Groff’s co-star McCallany is well aware of this process. The 54-year-old New Yorker appeared in Alien 3, Fincher’s first feature. He also crops up in Fight Club and murders Madonna in the director’s promo for the pop star’s 1993 single Bad Girl. When we chat to McCallany, he describes landing this lead role in Mindhunter as feeling like he’s “graduated”. We wonder if Fincher has changed much from the young blade who made Alien 3?

“In those days, David was considered something of a wunderkind,” McCallany recalls. “He was the highest-paid first time director in Hollywood history, hugely successful career directing commercials, directing rock videos, an incredibly bright and gifted guy… But if you ask me the question, How is he different? The honest answer is, he’s the same guy. He’s much more accomplished, much more successful, but his approach is the same.”


Cameron Britton as Edmund Kemper and Jonathan Groff as Holden Ford in Mindhunter

McCallany does confirm that a Fincher set can be pretty gruelling, however. “He’s a very meticulous guy, very driven to make things as good as they can possibly be, and we’re going to stay there and we’re going to keep working until David feels like he has it.”

You can see this graft and attention to detail all over the resulting series, which is as silky and sinister as Fincher’s two finest films to date, Zodiac and Seven, which also delve into the mind of serial killers. And like Zodiac, Mindhunter is concerned with true life events. The show is based on Mind Hunter: Inside the FBI’s Elite Serial Crime Unit, a nonfiction account written by pioneering FBI profiler John Douglas, who interviewed some of America’s most notorious murderers over the course of his 25-year career in the FBI. Groff plays a fictionalised version of Douglas, but the criminals in the show are very much based on real serial killers.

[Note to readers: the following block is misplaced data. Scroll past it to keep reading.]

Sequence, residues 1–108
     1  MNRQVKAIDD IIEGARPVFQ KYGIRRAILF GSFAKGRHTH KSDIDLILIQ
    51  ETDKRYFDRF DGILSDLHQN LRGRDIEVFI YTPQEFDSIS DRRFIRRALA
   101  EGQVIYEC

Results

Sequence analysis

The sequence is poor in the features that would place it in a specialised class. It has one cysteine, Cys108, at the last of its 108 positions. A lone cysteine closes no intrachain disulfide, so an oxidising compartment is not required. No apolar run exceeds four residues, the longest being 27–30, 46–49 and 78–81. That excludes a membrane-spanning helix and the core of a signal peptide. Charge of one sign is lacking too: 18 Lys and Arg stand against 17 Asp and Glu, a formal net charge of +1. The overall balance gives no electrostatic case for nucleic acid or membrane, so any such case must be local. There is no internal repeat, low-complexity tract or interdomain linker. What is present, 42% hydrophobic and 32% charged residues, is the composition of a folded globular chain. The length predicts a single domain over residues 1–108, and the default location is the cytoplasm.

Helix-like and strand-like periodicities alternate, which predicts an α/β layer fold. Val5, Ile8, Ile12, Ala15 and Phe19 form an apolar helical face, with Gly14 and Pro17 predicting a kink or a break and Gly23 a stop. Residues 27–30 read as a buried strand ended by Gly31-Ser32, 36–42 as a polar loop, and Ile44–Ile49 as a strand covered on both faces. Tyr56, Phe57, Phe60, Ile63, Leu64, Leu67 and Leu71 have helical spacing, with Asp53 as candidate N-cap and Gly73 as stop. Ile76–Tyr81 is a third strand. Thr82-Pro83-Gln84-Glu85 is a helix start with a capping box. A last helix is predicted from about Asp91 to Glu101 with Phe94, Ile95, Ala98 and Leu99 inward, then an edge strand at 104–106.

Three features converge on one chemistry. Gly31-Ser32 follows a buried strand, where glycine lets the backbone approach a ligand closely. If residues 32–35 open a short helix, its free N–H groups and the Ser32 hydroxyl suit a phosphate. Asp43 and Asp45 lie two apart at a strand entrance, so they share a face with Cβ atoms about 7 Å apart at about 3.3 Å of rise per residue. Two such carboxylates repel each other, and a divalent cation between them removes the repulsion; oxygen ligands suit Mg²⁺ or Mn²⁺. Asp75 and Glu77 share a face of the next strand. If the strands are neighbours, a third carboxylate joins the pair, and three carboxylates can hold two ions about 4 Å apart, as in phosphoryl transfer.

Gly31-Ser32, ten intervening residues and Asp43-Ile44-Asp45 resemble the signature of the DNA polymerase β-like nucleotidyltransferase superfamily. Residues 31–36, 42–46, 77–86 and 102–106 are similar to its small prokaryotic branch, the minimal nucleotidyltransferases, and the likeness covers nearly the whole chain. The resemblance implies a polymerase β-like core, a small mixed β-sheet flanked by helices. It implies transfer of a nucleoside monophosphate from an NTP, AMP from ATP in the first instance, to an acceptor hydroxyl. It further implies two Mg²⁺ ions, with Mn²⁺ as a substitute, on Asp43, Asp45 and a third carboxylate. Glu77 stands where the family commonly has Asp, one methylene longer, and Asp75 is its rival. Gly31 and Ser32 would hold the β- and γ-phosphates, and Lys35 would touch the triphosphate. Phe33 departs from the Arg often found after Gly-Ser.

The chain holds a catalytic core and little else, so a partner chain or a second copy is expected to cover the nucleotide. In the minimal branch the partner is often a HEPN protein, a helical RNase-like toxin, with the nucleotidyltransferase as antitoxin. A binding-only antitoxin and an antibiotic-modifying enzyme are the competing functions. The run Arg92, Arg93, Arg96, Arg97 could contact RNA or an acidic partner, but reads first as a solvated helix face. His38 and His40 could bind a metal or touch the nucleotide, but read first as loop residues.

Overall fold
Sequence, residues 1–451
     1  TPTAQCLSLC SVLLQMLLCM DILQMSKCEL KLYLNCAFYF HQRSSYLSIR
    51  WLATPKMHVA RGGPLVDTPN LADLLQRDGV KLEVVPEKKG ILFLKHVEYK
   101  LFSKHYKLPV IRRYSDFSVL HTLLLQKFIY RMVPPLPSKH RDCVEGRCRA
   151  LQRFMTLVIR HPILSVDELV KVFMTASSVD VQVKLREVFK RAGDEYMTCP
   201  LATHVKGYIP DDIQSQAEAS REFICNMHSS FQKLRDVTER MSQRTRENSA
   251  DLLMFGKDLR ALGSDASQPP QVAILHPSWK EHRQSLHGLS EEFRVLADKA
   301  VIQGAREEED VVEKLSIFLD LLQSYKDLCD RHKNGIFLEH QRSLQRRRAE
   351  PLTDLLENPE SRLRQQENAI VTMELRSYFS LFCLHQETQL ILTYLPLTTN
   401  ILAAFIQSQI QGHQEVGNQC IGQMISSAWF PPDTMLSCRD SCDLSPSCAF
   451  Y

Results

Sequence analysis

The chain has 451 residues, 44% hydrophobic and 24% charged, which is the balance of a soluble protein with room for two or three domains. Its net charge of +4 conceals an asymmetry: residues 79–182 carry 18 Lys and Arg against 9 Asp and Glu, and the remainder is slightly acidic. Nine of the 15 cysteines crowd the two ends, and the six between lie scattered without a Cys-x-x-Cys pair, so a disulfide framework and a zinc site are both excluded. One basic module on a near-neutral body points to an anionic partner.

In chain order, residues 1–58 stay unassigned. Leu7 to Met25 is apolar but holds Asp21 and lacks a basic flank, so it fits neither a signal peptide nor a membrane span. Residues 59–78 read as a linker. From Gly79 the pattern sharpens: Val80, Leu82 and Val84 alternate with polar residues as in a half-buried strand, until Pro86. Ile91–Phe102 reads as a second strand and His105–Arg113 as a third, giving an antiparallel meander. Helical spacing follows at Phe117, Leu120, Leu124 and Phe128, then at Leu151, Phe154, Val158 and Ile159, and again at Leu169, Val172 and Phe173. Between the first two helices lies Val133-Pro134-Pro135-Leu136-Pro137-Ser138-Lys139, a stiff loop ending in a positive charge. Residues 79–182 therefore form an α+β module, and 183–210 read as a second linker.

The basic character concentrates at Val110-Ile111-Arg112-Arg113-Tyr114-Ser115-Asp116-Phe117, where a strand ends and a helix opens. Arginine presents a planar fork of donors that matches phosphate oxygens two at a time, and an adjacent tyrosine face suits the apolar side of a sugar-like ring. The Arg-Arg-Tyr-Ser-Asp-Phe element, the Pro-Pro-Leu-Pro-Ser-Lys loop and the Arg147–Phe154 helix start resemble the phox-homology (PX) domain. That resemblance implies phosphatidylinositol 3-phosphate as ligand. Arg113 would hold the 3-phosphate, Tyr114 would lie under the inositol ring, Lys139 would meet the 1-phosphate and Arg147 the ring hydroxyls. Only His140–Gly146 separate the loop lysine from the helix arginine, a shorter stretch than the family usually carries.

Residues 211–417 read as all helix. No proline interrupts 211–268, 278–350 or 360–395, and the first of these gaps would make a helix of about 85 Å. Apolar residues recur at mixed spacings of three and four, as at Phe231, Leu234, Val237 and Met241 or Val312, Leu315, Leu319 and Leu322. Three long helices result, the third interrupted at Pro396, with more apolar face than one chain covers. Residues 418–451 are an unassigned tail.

Rather than hunting down these antagonists, they’re already behind bars for the crimes they’ve committed. Instead of car chases, gunfights and grim autopsies, most of Mindhunter involves people talking in offices, cars, bars and prison waiting rooms. In the two episodes that premiered at LFF, the focus is on Edmund Kemper, who’s better known as the “Co-ed Killer”, and the most chilling scenes come with him discussing his methods for murder over an egg-salad sandwich. If you’re looking for the Grand Guignol excesses of Hannibal, you’ve come to the wrong show.

“It was very important to David that we told the story in as authentic a way as possible,” explains McCallany. “So that means not the stylised Hollywood serial killers that we’ve seen that are tremendously witty and charming guys, because most of them are not like that. Most of them are these fractured and tormented and depraved and sad, sadistic men, and David wants to show them how they really are.”

Fincher directed four of the ten episodes of Mindhunter, with other directors like Asif Kapadia and Tobias Lindholm taking on the other episodes. Despite these additional interesting filmmakers behind the camera, this will be very much a Fincher product. “We all kind of felt – the actors, the crew and even the directors – like we were in Fincher School a little bit,” says Groff, “all sort of trying to fulfill David’s vision. The other directors who came in weren’t like, ‘and now I’m doing my take on this show’. It was all under the umbrella of the vision of Fincher and the visual vocabulary and tone of the show he’s set up.”

While everyone on the team has been tight-lipped about further seasons of Mindhunter, McCallany has every faith that if Fincher wishes it, there will be more. “I’m very optimistic for us, because I know it’s important to David that our show be successful, because he is so driven and he is so meticulous, and when he decides that he’s going to put his great intelligence and his energy behind something, then he usually succeeds. I think that he would be successful in any walk of life. If he was the coach of an NFL football team he would have three Super Bowl rings, and if he was a general in the army he would have victory after victory. It’s just who he is. He’s a leader, and he really knows the filmmaking process.”


Mindhunter is streaming on Netflix from 13 Oct